Easy come, easy go. We’ve been taught since childhood that unearned money doesn’t last. But it’s taken me a lifetime to fully understand that.
The principle that automatically grants the eldest child possession of the family property, no matter what their talents and interests, has caused many a family feud. This primogeniture has often set sibling against sibling from the time that the first sods rain down on the father or mother’s coffin until the day that the still squabbling descendants are themselves laid to rest. Forgotten in the feuding is the fact that family is unity, noble and priceless. In my life, I’ve all too often seen that what you receive free of charge is never really yours. I always envied the families that inherited those magnificent Stellenbosch wine estates – until I saw at first hand what a heartbreakingly difficult task it was to still keep a property in the family by the seventh generation or so.
I envied the Upington businesspeople that inherited their enterprises from their parents, because I had to work so hard to keep up the payments and meet the expenses involved in acquiring something of my own. Until I saw how those that had the most often also inspired the most malice, and how avarice became a curse visited upon father and son, and the generations that followed them. I had a wonderful aunt whom I loved as dearly as my own life. She suffered from cancer that slowly consumed every part of her being, and we kept vigil by her side, day and night. Late one night, as my mother and I sat outside on the lawn, freeing our thoughts for a while, she asked: ‘Why do you love her so much?’ ‘Because she never had children of her own,’ I replied. And I imagine it must have felt precious for my mother to know that she was sharing her own eldest son with a woman who had none. My aunt lay on her deathbed for more than seven months, and I tried to do as much as I could for her; I called every doctor friend for advice, fed her finely ground apricot kernels and any and every green thing, olive oil and, later, tiny spoonfuls of purée. And when her breathing became shallow, she lay there, her body a remnant of its former self. This was a woman whom everyone had envied for her lovely home, the furniture, her diamonds.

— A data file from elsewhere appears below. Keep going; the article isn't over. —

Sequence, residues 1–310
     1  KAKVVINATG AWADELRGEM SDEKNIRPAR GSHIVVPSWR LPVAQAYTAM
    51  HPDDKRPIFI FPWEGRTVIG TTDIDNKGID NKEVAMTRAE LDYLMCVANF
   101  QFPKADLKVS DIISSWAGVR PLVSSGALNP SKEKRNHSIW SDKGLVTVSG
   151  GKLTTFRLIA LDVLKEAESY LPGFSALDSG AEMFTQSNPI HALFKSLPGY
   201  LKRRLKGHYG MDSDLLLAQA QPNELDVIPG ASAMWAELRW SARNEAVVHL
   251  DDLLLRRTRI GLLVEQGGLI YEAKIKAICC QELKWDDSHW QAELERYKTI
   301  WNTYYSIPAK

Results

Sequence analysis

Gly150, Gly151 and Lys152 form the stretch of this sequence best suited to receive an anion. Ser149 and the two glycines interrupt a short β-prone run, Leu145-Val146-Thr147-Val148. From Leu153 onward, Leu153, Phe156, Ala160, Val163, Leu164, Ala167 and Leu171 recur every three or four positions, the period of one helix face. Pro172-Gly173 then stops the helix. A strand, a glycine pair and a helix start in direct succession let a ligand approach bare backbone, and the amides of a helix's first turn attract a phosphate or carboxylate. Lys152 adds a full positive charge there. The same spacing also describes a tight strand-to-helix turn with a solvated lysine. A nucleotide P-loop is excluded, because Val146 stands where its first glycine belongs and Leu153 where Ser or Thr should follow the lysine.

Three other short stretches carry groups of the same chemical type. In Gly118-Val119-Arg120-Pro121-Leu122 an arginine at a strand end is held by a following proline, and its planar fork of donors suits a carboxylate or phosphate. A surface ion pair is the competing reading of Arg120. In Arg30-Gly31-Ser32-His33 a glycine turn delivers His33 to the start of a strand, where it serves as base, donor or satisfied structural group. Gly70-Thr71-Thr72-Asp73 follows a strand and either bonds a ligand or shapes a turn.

And not a single cent could ease her suffering, or bring her comfort, rest and quietude. Five days before her death, she whispered in my ear, ‘Lift me up, Niël, so that we can go running among the flowers in the veld.’ I closed her eyes and whispered back, ‘Come, Pikkie, I’m lifting you up… Look, we’re flying out the window. Do you see the lipstick-red cannas, the white daisies with their golden-yellow hearts dancing around the dam? Do you see Ouma Miemie’s Christmas roses in pink, purple, green and lilac on the stoep at Pinewoods? And Gielie’s patchwork of vineyards heavy with Hanepoot grapes and shiraz? Look, there’s the mountain at Jonkershoek, the colour of blue lead today. And see the streets of Stellenbosch with their whitewashed, gabled houses, like noble knights among the green of the oak trees. Close your eyes, Pikkie, I’ve got you.’ I inherited from her when she passed on. But she taught me early that everything I already had and everything that I would receive was merely borrowed. They’re simply material possessions. Now I walk past her armchair, stroking the polished walnut with my fingers and remembering how we sat chatting in front of the fire in the sitting room.
I remember how we ate green-bean bredies at that same fireplace, how she sometimes hugged me harder when I went to greet her before heading home to Upington. Then I remember again that an inheritance of earthly goods is merely borrowed. And those who know this, already have the wings they need to soar into the blue sky when their time comes… free of the chains that bind so many of us to this earth.